Friday  the Sixth of December, 2002; a retro-HTML online gaming arena for the elegant little dice-and-badge Cheapass game.
The Google Catalogs beta is rather astonishing - you can search a huge stack of OCR'd US mail-order catalogs for whatever rubbish takes your fancy, and it displays graphically-highlighted extracts of page scans.

Entertainingly, the OCRing has been done at such a catch-all level that searching for very simplistic ASCII-art will return results with bits of pictures highlighted. (And there are a few places where the software couldn't quite make something out.)

CAMRAD Update #6

"The class action complaint alleges that Bonzi deceptively and fraudulently commandeered millions of internet users to Bonzi’s commercial websites through dissemination of tens-of-millions of fraudulent Internet advertising banners that impersonated computer error messages."
Bonzi are being dragged to court over their naif-misleading faux-alert-box banner adverts. Absurd compensation aside, it's about time this sort of thing was regulated.

Elsewhere, a case of corporate-sponsored automated telemarketing is being investigated by the ASA, although it's an opt-in thing for people remiss enough to actually give their phone number to a previous promotion, so probably won't amount to much. Full marks for it being a campaign for Minority Report, with all its advertising-dystopia ambience, though.

(I'm toying with the idea of setting up a communal Campaign for Real Advertising weblog - any takers?)

Passing Frenzies: Urban Letterboxing - War of the Worlds - Rumble - Nation States

 Wednesday  the Fourth

Kennings are a particularly Norse brand of poetic metaphor that I hadn't met before. Looking at them more closely, they can be expressed as groups of four terms, connected in a standard "a is to b as x is to y" fashion - by following the connections in different ways, we can derive four different, sturdy metaphors from a single pairing.

Example. If we decide that "sheep is to field as cloud is to sky", we can consider sheep to be field-clouds, clouds to be sky-sheep, fields to be sheep-skies and think of the sky as a cloud-field. All terribly obvious in hindsight, but my brain didn't read and twist metaphors this neatly a few hours ago. It has since, and will from now on. Thankyou Ben. (And sorry Joh...)

"The below-sheep clouds warm mirrors over snow-soft sky."
Electric Sheep Poetry; lazy proof that if you spray-paint fifteen poetic words onto some sheep, you shouldn't be too surprised when they occasionally herd themselves into poetic sentence fragments. Still not really sure where the quantum physics enter into it, though, unless sheep possess some odd properties on the subatomic level. Perhaps they do.

 Tuesday  the Third

"After the rapture, there will be a lot of speculation as to why millions of people have just disappeared. Unfortunately, after the rapture, only non believers will be left to come up with answers. You probably have family and friends that you have witnessed to and they just won't listen. After the rapture they probably will, but who will tell them?"
Automated Christian spam email, that's who. After you've been saved, the Rapture Letters service will send a smug email to your evil atheist friends every Friday afternoon, something for them to think about while they're waiting for NTK. [via Leonard]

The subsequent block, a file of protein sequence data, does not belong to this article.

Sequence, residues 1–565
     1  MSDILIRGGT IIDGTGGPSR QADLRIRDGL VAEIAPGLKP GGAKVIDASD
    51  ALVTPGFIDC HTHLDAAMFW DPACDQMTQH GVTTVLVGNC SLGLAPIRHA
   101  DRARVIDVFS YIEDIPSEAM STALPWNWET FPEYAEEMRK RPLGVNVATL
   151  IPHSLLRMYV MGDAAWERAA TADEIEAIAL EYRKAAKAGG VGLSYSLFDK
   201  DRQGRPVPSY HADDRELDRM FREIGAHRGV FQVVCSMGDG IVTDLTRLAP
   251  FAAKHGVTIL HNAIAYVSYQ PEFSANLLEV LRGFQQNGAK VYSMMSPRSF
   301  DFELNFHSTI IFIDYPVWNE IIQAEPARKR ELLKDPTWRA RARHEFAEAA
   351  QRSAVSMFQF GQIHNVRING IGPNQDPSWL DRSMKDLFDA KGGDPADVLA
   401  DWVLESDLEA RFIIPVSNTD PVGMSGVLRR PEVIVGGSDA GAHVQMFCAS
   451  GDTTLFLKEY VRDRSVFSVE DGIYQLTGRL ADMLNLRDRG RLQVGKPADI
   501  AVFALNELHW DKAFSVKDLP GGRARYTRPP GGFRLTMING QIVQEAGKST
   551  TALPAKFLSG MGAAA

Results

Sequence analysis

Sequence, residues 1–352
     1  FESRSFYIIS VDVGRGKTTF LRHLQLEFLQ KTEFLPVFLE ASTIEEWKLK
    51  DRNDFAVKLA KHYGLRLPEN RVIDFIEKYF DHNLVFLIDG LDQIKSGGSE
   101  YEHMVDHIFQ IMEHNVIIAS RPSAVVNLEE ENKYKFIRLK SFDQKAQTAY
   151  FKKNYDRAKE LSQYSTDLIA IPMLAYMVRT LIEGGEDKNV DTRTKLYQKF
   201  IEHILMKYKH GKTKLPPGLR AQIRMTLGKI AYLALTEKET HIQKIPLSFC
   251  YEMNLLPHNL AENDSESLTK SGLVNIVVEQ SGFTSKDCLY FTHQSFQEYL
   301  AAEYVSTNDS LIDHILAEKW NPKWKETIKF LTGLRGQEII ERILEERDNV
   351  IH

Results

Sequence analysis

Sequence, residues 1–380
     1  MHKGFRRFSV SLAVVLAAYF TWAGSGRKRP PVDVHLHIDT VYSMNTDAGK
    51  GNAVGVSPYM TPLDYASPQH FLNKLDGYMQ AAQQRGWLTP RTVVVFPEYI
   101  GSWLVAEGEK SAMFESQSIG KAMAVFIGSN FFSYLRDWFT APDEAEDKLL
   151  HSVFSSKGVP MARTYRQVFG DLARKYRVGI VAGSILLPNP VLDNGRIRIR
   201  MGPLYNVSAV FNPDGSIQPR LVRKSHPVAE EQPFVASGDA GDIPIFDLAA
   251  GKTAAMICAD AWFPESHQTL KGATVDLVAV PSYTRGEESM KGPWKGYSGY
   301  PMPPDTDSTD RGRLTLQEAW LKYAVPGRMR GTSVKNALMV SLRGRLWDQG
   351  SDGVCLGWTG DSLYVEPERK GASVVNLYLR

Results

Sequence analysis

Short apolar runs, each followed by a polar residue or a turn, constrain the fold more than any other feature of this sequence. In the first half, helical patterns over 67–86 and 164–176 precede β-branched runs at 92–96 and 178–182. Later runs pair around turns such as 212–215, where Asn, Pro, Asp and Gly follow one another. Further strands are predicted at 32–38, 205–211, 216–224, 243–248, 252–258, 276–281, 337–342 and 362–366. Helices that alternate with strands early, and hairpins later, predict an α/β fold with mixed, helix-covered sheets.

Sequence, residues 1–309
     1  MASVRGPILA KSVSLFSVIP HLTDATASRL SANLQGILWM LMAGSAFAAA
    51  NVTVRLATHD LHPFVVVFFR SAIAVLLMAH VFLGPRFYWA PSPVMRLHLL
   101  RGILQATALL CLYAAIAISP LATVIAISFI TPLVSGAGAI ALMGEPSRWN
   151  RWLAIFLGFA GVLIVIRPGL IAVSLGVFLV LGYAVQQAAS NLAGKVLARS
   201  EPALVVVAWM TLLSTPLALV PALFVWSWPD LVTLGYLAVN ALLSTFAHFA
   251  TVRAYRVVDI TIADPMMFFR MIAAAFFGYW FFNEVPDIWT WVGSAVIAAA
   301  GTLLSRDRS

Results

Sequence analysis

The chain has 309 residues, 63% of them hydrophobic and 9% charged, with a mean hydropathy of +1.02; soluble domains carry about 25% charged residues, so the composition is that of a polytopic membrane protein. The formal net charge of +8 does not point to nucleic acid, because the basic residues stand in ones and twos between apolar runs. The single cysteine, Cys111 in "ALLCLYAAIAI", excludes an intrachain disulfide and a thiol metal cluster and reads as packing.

According to this fantastic timeline of the end days, there are likely to be a good five and a half months of peace between the initial Rapture and the opening of the first seal; some twenty or so automated reminders for us to repent our sins. After that, the Internet should be able to reroute around the apocalypse until at least the sixth seal.

 Monday  the Second

"I recall particularly the illustration of one of the first pamphlets to give a consecutive account of the war. The artist had evidently made a hasty study of one of the fighting-machines, and there his knowledge ended. He presented them as tilted, stiff tripods, without either flexibility or subtlety, and with an altogether misleading monotony of effect. The pamphlet containing these renderings had a considerable vogue, and I mention them here simply to warn the reader against the impression they may have created. They were no more like the Martians I saw in action than a Dutch doll is like a human being. To my mind, the pamphlet would have been much better without them."
I presume H G Wells was specifically having a go at these 1897 illustrations of War of the Worlds, when he published the book, but he could just as easily have been commenting on quite a few of the covers since, from the leather armchair of his time machine.

Rather startlingly, Edward Gorey illustrated a 1960 edition; both the cover and a few illustrations. [via Sore Eyes]

As Above

Brain children. Recent or noteworthy Web offspring.

Online cliques. Trespassers may be welcome.

In the bookpile. Powered by

Incidental music. Ohrwurmen or otherwise.

Other weblogs. The ones I make a point of returning to a lot.

Supporting cast. That have Web pages. In alphabetical order.

Weeks beginning. All having ended.
2002: 02.12 25.11 18.11 11.11 04.11 28.10 21.10 14.10 07.10 30.09 23.09 16.09 09.09 02.09 26.08 19.08 12.08 05.08 29.07 22.07 15.07 08.07 01.07 24.06 17.06 10.06 03.06 27.05 20.05 13.05 06.05 29.04 22.04 15.04 08.04 01.04 25.03 18.03 11.03 04.03 25.02 18.02 11.02 04.02 28.01 21.01 14.01 07.01

2001: 31.12 24.12 17.12 10.12 03.12 26.11 19.11 12.11 05.11 29.10 22.10 15.10 08.10 01.10 24.09 17.09 10.09 03.09 27.08 20.08 13.08 06.08 30.07 23.07 16.07 09.07 02.07 25.06 18.06 11.06 04.06 28.05 21.05 14.05 07.05 30.04 23.04 16.04 09.04 02.04 26.03 19.03 12.03 05.03 26.02 19.02 12.02 05.02 29.01 22.01 15.01 08.01 01.01

2000: 25.12 18.12 11.12 04.12 27.11 20.11

Archive search. You never know.